This last scenario is something I also get asked a lot. The goal here is to have a single laptop hosting an entire Failover Clustering demo with Hyper-V. In order to accomplish this, you need a virtual iSCSI SAN plus two child partitions to play the role of cluster nodes. To be the virtual iSCSI SAN, you can use an evaluation version of the Microsoft iSCSI Software Target described at http://blogs.technet.com/josebda/archive/2008/01/07/installing-the-evaluation-version-of-wudss-2003-refresh-and-the-microsoft-iscsi-software-target-version-3-1-on-a-vm.aspx. This is certainly not a true highly available solution, but it can be an interesting demo machine with no external network dependencies.

Here is a diagram describing the scenario before a failure:

HVFC5B

Here is a diagram describing the scenario after a failure:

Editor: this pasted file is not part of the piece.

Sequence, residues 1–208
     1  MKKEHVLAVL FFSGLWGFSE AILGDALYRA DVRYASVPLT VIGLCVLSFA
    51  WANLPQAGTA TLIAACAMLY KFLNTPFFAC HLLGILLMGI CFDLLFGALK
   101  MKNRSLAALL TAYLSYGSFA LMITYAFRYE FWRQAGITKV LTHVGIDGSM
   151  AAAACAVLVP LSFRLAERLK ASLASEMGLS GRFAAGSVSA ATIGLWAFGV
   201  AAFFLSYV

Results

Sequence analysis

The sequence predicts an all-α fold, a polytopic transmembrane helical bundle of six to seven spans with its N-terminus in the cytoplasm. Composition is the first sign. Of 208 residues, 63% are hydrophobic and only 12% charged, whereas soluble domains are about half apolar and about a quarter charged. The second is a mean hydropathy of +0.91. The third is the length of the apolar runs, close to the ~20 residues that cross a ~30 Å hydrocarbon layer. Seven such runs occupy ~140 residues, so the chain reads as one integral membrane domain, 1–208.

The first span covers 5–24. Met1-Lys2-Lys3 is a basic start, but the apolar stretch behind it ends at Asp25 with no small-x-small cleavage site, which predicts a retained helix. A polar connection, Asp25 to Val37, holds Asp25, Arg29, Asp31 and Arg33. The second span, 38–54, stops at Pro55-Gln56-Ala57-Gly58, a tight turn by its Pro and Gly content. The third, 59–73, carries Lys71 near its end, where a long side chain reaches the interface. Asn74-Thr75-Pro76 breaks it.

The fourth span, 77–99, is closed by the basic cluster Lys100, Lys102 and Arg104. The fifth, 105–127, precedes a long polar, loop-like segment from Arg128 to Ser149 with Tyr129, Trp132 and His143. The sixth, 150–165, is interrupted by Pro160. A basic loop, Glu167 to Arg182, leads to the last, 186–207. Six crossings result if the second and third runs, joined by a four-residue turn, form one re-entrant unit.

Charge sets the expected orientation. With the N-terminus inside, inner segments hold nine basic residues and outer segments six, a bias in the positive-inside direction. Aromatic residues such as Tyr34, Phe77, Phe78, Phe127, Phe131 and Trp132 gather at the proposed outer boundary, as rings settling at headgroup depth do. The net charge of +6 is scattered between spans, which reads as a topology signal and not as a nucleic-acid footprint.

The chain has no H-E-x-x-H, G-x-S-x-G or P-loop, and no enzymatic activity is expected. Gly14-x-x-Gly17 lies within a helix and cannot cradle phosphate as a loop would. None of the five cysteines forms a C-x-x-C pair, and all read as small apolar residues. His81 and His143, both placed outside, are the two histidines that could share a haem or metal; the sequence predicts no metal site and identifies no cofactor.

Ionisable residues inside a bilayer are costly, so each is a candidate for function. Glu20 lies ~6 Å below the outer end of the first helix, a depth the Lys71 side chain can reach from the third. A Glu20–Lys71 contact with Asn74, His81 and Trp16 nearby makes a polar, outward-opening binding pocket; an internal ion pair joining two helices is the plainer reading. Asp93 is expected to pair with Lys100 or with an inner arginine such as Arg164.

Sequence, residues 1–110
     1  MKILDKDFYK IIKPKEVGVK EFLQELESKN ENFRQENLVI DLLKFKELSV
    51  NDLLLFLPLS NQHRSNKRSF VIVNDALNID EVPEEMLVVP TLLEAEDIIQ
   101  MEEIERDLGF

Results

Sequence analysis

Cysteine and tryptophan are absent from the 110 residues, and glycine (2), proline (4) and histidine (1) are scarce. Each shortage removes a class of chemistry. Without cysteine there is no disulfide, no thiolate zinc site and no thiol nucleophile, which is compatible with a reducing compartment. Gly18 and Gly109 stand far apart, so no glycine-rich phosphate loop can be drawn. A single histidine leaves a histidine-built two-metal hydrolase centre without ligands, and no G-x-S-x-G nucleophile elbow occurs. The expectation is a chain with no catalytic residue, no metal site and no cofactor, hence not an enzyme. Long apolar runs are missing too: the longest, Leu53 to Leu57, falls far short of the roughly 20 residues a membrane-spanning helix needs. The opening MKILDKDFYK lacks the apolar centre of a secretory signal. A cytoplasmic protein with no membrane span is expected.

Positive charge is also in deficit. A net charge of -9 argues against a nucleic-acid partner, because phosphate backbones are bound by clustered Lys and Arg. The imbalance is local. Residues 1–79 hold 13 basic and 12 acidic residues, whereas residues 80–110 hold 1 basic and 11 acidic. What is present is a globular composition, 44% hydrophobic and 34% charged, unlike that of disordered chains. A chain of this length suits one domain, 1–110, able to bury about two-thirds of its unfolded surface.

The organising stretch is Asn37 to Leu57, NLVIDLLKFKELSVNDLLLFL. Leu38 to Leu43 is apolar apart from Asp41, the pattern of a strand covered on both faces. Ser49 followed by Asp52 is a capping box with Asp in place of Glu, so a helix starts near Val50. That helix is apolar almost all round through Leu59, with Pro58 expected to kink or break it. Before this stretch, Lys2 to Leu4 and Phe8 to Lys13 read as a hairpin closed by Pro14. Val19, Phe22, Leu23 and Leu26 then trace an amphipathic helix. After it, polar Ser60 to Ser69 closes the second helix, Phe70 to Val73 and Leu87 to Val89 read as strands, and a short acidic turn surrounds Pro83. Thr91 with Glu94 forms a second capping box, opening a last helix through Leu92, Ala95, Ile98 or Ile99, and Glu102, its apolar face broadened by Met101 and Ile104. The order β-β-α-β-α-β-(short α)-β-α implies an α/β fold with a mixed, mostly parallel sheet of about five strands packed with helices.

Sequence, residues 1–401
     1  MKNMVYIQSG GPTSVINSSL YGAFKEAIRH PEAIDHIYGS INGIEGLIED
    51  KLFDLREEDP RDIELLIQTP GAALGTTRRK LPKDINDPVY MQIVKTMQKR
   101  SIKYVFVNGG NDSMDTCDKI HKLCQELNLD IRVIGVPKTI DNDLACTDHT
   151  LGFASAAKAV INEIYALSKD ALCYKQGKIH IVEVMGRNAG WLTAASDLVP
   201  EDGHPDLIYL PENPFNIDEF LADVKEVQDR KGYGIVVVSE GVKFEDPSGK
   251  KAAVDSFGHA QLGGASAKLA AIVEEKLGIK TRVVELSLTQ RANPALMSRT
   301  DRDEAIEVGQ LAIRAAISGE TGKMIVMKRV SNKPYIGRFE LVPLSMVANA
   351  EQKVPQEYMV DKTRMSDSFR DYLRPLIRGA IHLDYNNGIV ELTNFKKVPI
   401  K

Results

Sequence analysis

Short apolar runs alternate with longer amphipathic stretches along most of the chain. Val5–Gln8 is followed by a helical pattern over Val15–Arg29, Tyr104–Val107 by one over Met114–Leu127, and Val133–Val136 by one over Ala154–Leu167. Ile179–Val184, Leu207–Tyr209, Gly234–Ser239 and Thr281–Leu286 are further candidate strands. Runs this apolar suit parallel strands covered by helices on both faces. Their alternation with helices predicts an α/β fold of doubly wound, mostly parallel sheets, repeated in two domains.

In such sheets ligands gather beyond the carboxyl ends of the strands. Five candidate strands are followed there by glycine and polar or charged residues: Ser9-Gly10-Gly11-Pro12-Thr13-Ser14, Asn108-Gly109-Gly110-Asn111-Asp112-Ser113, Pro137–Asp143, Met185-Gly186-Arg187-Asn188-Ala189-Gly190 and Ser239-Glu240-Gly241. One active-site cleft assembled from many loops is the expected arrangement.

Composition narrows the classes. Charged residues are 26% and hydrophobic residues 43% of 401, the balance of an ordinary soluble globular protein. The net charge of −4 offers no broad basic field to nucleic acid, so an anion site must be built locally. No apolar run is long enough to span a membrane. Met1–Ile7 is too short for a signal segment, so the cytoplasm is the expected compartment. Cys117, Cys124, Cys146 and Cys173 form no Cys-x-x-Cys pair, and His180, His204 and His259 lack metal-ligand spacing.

HVFC5A

As with the previous scenario, this one cannot be made truly highly available, for obvious reasons. In fact, this one only really makes sense for demonstrations or training. The simulated failure can once again be achieved by turning off one of the child partitions in Hyper-V.

Conclusion

I hope this helped you understand the different options for using Failover Clustering with Hyper-V. Note also that you can combine some of these solutions, like the first and the second (some VMs using parent-based and some using child-based failover clustering).

For production use, it’s probably wise to restrict yourself to the first two scenarios. However, if you have a Hyper-V capable laptop and some free time, I would encourage you to try out the last one. Although not a supported production solution, it will certainly teach you a lot about all the technologies involved…

Links 

Additional information about Windows Server 2008 Failover Clustering support
http://support.microsoft.com?id=943984

Failover Clustering support in previous versions of Windows Server
http://support.microsoft.com/?id=309395.

Step-by-Step Guide to Getting Started with Hyper-V
http://www.microsoft.com/downloads/details.aspx?FamilyID=bcaa9707-0228-4860-b088-dd261ca0c80d&DisplayLang=en